We wouldn’t blame you if you’ve ignored the latest FCC headlines—alphabet agencies are a good way to buzzkill your morning reading—but the news might affect your life this time, and the overall story is more interesting than the headlines.

The News in One Sentence: Congress is calling on the FCC to dramatically increase the minimum broadband speeds required by law for internet service providers (ISPs).

Recent History: Since 2015, the FCC’s broadband standard is 25Mbps down and 3Mbps up. The last update was in 2010, so we were already “due for” an update last year… and that didn’t even take COVID’s effects into account.

The New Standard: If the FCC adopts this (bipartisan) proposal, the minimum for broadband service would become 100Mbps down and 100Mbps up. That’s 4x on down speeds and a massive 33x jump for up speeds (because everyone needs video conferencing now).

What’s the FCC Again? That’s the Federal Communications Commission. Their job is basically to make sure that everyone has fair access to communications services like phone and internet. They don’t police the internet itself, but they do make sure that you have fair service options for connecting to it.

What’s the Digital Divide? It’s essentially the line between “people who can experience the full power of the Internet Age” and “people who can’t.” The main issue here is geography, or more precisely, population density; urban and metro areas see download speeds as high as 2Gbps, but you’ll be way closer to the FCC minimums in rural and remote areas (and the minimum isn’t even strong enough for one person on a Zoom call).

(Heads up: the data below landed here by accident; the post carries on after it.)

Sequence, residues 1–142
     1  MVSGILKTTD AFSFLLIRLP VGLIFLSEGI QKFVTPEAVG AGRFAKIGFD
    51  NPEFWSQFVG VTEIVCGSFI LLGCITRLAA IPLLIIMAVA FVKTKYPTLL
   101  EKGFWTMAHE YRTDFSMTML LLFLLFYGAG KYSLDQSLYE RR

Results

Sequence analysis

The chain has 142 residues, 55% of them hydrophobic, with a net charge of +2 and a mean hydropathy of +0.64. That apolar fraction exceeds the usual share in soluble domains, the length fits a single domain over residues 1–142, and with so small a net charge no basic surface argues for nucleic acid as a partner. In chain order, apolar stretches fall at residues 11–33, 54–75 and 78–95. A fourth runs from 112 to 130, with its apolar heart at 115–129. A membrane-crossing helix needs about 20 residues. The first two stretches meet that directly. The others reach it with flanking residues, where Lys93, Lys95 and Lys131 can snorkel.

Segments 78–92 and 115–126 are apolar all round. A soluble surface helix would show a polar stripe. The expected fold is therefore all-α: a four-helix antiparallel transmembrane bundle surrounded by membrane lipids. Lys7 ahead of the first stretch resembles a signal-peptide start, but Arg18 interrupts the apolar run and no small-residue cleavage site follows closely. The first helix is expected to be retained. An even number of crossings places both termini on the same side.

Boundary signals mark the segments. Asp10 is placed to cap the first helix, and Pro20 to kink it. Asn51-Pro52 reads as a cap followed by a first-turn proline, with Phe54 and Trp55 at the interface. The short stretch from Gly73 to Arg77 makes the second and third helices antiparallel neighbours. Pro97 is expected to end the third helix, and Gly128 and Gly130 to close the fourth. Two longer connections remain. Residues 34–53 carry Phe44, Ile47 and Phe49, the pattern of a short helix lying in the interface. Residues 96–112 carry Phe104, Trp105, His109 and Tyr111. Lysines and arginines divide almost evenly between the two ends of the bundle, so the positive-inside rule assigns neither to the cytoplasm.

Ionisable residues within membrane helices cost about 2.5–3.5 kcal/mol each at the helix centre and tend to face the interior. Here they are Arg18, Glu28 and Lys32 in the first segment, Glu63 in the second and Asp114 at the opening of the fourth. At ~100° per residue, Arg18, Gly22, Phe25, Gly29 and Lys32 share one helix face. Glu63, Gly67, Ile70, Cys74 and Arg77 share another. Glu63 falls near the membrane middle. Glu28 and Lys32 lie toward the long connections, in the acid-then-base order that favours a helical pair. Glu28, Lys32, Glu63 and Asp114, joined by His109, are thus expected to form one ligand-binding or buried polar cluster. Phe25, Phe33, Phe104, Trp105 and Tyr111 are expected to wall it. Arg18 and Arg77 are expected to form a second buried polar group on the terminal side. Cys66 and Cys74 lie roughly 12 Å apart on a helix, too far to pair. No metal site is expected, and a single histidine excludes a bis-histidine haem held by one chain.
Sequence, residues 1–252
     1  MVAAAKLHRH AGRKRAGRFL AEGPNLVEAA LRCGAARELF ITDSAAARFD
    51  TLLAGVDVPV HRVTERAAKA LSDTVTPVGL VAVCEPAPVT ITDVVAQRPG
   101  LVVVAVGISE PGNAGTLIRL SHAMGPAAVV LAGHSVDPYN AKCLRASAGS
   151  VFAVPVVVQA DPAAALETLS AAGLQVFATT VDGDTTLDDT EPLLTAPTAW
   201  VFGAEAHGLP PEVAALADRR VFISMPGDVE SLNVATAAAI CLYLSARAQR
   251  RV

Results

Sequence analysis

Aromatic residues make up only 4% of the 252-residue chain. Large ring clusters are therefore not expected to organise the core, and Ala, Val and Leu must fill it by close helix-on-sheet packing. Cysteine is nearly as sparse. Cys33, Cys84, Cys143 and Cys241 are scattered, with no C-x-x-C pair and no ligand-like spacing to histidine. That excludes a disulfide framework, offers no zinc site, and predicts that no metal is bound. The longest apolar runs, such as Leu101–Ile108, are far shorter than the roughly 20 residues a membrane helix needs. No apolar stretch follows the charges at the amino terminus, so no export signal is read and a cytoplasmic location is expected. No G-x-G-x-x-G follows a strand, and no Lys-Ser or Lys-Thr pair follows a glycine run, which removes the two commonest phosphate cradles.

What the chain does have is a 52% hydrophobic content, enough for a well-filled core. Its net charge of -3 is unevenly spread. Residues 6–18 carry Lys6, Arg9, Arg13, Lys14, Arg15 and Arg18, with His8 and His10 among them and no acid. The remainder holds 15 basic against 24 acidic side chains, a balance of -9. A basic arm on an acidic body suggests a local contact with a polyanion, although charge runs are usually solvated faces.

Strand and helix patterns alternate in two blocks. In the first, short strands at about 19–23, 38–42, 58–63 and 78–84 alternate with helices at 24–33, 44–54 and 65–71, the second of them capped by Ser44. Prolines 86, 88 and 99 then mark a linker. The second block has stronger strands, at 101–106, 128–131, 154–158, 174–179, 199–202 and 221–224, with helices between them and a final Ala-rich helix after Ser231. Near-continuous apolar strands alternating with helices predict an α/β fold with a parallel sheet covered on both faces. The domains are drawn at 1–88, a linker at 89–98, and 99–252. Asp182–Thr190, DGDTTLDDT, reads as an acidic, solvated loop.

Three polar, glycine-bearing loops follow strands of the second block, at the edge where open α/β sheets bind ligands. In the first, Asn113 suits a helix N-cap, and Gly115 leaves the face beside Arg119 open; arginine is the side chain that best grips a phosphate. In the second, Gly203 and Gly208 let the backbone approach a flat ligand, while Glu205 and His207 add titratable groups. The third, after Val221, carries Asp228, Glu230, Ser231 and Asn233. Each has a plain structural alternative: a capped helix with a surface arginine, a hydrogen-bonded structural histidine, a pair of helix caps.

Perhaps you fail to see the problem because you think we’re talking about a tiny sliver of the population—like, if the problems are in thinly-populated areas, doesn’t that mean it affects a small minority of people?

No, because it’s easy to forget how freaking huge this country is. Even if metro areas have 100x the population density, rural areas match their headcounts by being 100x as big. So this issue affects a lot of people.

Why Is the FCC Involved? Telecom is one vertical where the free market doesn’t regulate itself very well. ISPs provide competitive service in urban areas because they have clear incentives to do so; with so many people in one spot, it’s like shooting fish in a barrel. But by the same logic, ISPs hate rural areas; it’s a ton more infrastructural work to serve way fewer people (see the 80/20 thing happening here?).

Two or three decades ago, this issue might have seemed like Theatre of the Legally Absurd — we picture a salty libertarian saying Why is Congress worried about AOL on the Aleutian Islands? — but by now broadband is every citizen’s lifeline to the world and, last we checked, the American way was to leave no one behind.

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